Min Jin Lee’s novel and its new TV adaptation tell a bitter-sweet story about what different generations of Koreans had to endure between 1910s and 1990s under the discriminatory and harsh Japanese rule, striving and failing to integrate in a society that ghettoises them.
By Silvia Vacchelli
The history that we are taught in school is often very Western-centric. So, if we think about Japan between the late 1910s and the 1940s, we immediately associate it with the two World Wars; yet, in the same period, Japan had conquered and ruled over Korea with very strict and often inhumane laws. This important part of history, which is still underrepresented in schoolbooks, has been beautifully and tragically portrayed by Min Jin Lee in her novel Pachinko, and later in the 2022 TV series adapted from it.
The novel is structured in three parts and tells the story of four generations of Korean individuals who work hard to provide the best future possible for their children under the Japanese iron-fist rule and the constant humiliations. The story follows mainly the life of Sunja, a poor Korean girl, who gets pregnant with the child of a rich married Korean man (Hansu) and has to move to Osaka when a young pastor (Isak) agrees to marry her. Readers must be warned that this book is rather bitter-sweet (more often bitter than sweet), and the author does not try to sugar-coat it, so that just when things seemed to have taken a good turn, war or an illness bring the characters down. The writing style is simple, some might argue overly simple, but it perfectly manages to paint the picture of what Koreans had to endure, living in overcrowded shacks and struggling to find jobs regardless of their education or family background.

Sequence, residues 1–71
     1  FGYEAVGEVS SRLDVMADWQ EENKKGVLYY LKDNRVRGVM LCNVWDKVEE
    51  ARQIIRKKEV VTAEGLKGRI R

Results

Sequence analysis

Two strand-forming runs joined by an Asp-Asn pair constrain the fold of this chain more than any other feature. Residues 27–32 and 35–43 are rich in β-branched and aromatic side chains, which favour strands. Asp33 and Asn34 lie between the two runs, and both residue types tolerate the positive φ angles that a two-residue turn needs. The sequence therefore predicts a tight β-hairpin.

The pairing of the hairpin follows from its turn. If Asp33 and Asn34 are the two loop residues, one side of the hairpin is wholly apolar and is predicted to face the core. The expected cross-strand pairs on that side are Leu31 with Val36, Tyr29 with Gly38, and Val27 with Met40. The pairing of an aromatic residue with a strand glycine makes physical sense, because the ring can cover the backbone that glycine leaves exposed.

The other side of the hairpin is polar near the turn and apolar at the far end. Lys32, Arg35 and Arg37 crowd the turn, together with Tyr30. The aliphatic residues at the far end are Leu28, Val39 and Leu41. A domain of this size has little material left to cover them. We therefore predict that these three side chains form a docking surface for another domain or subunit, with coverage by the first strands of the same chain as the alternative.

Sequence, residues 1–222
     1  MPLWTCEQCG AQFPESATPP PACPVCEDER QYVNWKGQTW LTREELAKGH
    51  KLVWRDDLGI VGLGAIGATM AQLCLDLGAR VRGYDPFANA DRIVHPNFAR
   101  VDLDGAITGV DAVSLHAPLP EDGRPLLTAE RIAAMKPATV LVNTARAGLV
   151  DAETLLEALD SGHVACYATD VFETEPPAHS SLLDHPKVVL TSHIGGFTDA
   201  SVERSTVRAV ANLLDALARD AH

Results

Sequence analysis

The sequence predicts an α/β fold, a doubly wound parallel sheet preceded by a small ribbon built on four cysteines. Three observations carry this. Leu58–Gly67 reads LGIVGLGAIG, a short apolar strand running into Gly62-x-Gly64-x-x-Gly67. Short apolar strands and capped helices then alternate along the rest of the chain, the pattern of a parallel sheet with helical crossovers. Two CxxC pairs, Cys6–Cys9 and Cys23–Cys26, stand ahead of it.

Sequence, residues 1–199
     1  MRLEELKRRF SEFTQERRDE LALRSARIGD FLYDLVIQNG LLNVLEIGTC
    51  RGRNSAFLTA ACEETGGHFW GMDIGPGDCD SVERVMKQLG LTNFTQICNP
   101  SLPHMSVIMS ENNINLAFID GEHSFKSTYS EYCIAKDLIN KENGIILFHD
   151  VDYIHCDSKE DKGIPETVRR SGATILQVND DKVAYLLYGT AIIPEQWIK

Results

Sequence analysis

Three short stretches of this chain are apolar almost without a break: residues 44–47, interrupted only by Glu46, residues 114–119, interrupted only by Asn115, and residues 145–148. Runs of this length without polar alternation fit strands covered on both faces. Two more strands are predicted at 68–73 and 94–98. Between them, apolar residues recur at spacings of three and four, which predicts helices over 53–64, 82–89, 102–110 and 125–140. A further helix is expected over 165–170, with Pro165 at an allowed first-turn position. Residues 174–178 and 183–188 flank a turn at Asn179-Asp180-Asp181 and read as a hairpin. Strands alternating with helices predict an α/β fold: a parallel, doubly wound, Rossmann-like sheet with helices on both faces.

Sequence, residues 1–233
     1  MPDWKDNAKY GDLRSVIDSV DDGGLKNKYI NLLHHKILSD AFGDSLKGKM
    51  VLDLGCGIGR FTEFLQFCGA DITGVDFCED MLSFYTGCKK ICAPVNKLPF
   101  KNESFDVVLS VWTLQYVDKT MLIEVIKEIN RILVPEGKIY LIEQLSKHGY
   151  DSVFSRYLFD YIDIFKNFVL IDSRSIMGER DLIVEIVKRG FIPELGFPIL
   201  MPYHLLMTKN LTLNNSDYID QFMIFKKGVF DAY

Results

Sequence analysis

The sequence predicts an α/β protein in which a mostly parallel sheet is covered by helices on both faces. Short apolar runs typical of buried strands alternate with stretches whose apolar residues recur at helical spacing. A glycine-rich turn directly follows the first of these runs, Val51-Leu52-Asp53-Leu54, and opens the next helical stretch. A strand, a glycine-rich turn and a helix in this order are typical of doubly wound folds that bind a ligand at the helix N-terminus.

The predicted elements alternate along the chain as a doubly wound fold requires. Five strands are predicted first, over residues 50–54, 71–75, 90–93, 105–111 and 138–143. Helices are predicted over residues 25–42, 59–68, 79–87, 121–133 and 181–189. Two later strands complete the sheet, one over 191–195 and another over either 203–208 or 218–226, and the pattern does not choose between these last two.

A Quest for Belonging
The novel shows how different generations of Koreans respond to their need for belonging: the first generation of migrants, represented by Sunja who desperately misses her homeland and feels like an alien in a country in which she does not even understand the language. The second generation, that of Sunja’s sons, Noa and Mozasu, put their heart and soul to assimilate to the locals by speaking perfectly in Japanese, but they have to accept the only job for Korean expatriates, working in Pachinko gambling parlours.
Finally, the last generation represented by Mozasu’s son, Solomon, is given the best private education and the best chance for a bright future, and yet, money is not enough to erase Solomon’s ethnicity, which in the end haunts him as much as it haunted his uncle before him.
The TV Series
In comparison to the book, which is written in chronological order, the TV series goes constantly back and forth between the present (1989) in Japan, following Solomon’s life, and the past (1910 -1930) showing Sunja’s childhood in Korea and then her struggle as a young mother in Osaka. Moreover, from the second episode onwards the story and the characters significantly detach from the book, like in episode 7 which is completely dedicated to Hansu’s background and the earthquake that happened in Kanto. In general, the characters in the TV series are given more willpower and they take matters into their own hands, even if their actions often have bad consequences, while in the book they are powerless individuals at the mercy of a cruel and unjust destiny. Finally, a nice touch of the TV series is the decision to end the season with an interview with some old Korean women who have actually lived through similar struggles and hardships in Japan as the fictional ones portrayed in the series.
Pachinko, whether the book or the TV series, is a much-needed representation of a chapter of history that has been overlooked and provides a deep reflection on how racial discrimination and prejudice can influence the lives of individuals through generations, regardless of their hard-working attitude to attain a better life.